I’ve resisted the chai charms of Tea for Two for quite some time. It was a fragrance that I tried early on in my fragrance journey from a small sample sent to me as part of a Basenotes swap. At the time I found it to be thick and heavy, with an awful syrupy texture that just didn’t sit right with my then uneducated nose. Recently I found a bottle in TK Maxx significantly discounted to a price that would have been rude to refuse, so being the ever so polite young man I am, I thought “what the heck”, let’s give this thing another shot, and I’m very glad that I did.

Tea for Two is largely as I remember it – lots of smoky sweet lapsang souchong tea, that unusually tasty blend of sweet and savoury that is quite unlike anything else out there, atop a big heap of honey and cinnamon spice.  What I notice now, that I didn’t way back in the day, is a remarkable lightness and transparency to the whole thing that allows each of the individual components to breath. This way you get a rich, syrupy and smoky fragrance that doesn’t feel heavy, instead it wears closely to skin, radiating a low glow of smoky gourmand warmth.

Another thing I notice more now is a great big leather note that is smoky and funky. I get flashes of Dzing!, L’Artisan’s circus-inspired leather made from a whole barnyard’s worth of funk, that provide that deep and dark contrast required to pin down all of those gourmand elements. This funkiness is never heavy, but it does supply a generous bite and bitterness to the smoke that gives more than a hint of something carnal, perhaps suggesting that the tea is a precursor for a canoodle for the two later on.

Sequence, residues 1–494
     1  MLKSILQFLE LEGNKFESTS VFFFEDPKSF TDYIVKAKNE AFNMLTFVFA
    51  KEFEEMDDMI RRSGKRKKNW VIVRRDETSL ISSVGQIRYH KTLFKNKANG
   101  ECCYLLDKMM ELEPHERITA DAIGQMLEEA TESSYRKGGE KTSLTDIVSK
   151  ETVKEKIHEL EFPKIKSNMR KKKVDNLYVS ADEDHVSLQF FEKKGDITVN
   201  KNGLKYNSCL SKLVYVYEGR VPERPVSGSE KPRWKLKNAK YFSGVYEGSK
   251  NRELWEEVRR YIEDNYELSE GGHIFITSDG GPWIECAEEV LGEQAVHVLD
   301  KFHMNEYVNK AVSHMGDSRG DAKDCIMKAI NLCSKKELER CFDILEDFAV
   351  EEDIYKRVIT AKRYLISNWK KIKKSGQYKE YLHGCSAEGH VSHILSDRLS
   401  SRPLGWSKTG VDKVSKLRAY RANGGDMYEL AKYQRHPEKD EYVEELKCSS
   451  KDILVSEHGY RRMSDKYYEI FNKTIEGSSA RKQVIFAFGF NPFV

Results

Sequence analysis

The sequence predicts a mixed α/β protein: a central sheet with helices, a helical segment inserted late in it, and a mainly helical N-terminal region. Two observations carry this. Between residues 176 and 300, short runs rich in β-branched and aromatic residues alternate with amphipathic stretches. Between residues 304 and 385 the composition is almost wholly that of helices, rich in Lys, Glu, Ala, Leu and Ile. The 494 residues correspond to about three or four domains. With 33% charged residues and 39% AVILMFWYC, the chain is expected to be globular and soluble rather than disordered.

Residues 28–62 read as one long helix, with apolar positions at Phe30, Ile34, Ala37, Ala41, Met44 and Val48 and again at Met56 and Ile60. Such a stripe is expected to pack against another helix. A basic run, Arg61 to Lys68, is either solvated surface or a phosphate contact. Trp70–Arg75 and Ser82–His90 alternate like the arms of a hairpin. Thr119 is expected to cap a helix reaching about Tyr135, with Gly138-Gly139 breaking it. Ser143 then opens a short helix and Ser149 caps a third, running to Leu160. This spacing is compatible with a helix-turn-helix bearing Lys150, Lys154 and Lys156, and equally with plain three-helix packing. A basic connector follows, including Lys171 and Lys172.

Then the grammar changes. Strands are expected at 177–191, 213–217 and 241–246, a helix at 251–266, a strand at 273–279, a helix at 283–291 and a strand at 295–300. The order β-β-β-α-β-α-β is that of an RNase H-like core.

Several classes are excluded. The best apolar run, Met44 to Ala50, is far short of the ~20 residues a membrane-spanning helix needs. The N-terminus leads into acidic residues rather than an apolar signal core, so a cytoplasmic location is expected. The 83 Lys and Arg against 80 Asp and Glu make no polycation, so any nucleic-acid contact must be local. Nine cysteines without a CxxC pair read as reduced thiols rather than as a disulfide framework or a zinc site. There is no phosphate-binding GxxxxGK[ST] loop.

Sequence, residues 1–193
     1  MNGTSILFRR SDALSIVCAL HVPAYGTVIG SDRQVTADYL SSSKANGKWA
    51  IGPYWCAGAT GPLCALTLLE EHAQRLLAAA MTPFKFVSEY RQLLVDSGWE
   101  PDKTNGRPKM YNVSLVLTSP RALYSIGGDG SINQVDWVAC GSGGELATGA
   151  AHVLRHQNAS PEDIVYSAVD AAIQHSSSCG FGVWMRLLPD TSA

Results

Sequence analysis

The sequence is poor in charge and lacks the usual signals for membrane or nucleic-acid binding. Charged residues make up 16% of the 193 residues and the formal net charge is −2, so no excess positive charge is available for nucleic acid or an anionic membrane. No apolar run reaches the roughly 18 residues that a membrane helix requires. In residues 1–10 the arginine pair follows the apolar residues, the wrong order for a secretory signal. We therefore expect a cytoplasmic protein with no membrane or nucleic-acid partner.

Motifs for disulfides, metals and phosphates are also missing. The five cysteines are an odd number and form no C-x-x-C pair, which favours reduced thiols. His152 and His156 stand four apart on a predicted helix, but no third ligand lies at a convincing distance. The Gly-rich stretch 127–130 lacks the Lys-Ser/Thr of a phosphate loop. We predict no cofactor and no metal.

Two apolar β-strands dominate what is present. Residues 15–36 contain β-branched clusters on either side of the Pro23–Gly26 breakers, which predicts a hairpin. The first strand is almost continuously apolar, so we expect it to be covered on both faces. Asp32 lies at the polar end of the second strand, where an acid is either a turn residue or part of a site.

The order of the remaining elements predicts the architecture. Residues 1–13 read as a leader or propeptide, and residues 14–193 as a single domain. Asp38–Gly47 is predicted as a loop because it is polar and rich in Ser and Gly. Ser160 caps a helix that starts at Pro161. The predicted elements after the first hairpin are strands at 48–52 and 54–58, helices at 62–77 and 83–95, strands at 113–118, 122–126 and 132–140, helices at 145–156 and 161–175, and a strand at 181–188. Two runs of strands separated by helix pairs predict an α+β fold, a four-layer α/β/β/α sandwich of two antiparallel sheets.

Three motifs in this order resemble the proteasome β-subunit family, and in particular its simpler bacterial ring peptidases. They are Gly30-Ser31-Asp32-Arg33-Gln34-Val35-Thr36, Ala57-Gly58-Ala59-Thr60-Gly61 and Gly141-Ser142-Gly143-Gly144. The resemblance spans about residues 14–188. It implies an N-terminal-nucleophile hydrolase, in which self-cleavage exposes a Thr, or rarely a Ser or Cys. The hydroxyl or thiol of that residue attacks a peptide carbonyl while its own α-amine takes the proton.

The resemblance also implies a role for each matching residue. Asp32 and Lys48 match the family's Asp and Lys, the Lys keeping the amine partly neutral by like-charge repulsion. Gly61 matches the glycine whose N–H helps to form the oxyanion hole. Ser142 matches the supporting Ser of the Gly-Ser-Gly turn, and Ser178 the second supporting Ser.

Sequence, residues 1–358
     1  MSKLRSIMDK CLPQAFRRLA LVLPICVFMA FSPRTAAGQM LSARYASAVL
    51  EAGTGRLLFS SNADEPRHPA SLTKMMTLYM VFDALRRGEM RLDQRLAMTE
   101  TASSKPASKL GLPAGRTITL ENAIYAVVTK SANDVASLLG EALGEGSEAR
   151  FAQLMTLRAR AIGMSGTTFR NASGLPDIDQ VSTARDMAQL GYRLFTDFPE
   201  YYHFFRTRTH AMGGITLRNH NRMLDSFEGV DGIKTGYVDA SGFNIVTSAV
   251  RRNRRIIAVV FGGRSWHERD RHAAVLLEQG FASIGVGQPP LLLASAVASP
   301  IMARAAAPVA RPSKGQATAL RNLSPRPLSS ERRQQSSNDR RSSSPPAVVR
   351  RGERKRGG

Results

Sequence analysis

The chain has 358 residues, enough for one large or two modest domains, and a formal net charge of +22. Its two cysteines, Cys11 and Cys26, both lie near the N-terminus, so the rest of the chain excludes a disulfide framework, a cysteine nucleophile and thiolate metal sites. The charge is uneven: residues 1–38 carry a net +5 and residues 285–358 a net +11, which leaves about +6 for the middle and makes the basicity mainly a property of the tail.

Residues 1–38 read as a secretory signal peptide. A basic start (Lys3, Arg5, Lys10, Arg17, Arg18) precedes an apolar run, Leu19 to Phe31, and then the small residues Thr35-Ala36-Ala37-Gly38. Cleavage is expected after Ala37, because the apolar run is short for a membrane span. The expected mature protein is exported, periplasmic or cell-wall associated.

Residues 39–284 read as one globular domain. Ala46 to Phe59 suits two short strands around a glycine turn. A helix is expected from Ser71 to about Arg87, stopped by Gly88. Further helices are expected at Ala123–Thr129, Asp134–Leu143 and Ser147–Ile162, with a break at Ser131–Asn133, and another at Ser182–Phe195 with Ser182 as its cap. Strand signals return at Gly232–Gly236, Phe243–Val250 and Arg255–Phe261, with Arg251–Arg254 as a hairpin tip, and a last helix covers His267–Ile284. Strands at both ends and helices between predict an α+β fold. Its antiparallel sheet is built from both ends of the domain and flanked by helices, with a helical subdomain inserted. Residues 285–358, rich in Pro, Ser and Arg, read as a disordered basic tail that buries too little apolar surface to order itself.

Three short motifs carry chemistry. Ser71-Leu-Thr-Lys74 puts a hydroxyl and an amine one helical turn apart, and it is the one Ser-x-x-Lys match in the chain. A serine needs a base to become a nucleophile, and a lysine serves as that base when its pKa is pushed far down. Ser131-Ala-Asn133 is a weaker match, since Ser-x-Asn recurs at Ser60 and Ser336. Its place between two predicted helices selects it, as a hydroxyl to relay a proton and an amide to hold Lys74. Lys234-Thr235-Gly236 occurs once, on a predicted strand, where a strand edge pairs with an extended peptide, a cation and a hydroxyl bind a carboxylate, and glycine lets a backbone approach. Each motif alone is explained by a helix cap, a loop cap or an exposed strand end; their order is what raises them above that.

Tea for Two has been in and out of production over the last few years, despite being a cult classic. It’s a staple of the L’Artisan Parfumeur brand that helped cement the gourmand oriental as a key theme explored by just about every niche brand on the market at one time or another. You can find similar tea scents and even similar smoky, leathery, honey-like things, but really, why would you bother when you could go for the original and the best? Tea for Two is exactly what it sounds like – an invite to pure pleasure. Now, drink up, we’ve got to move on to the pastries..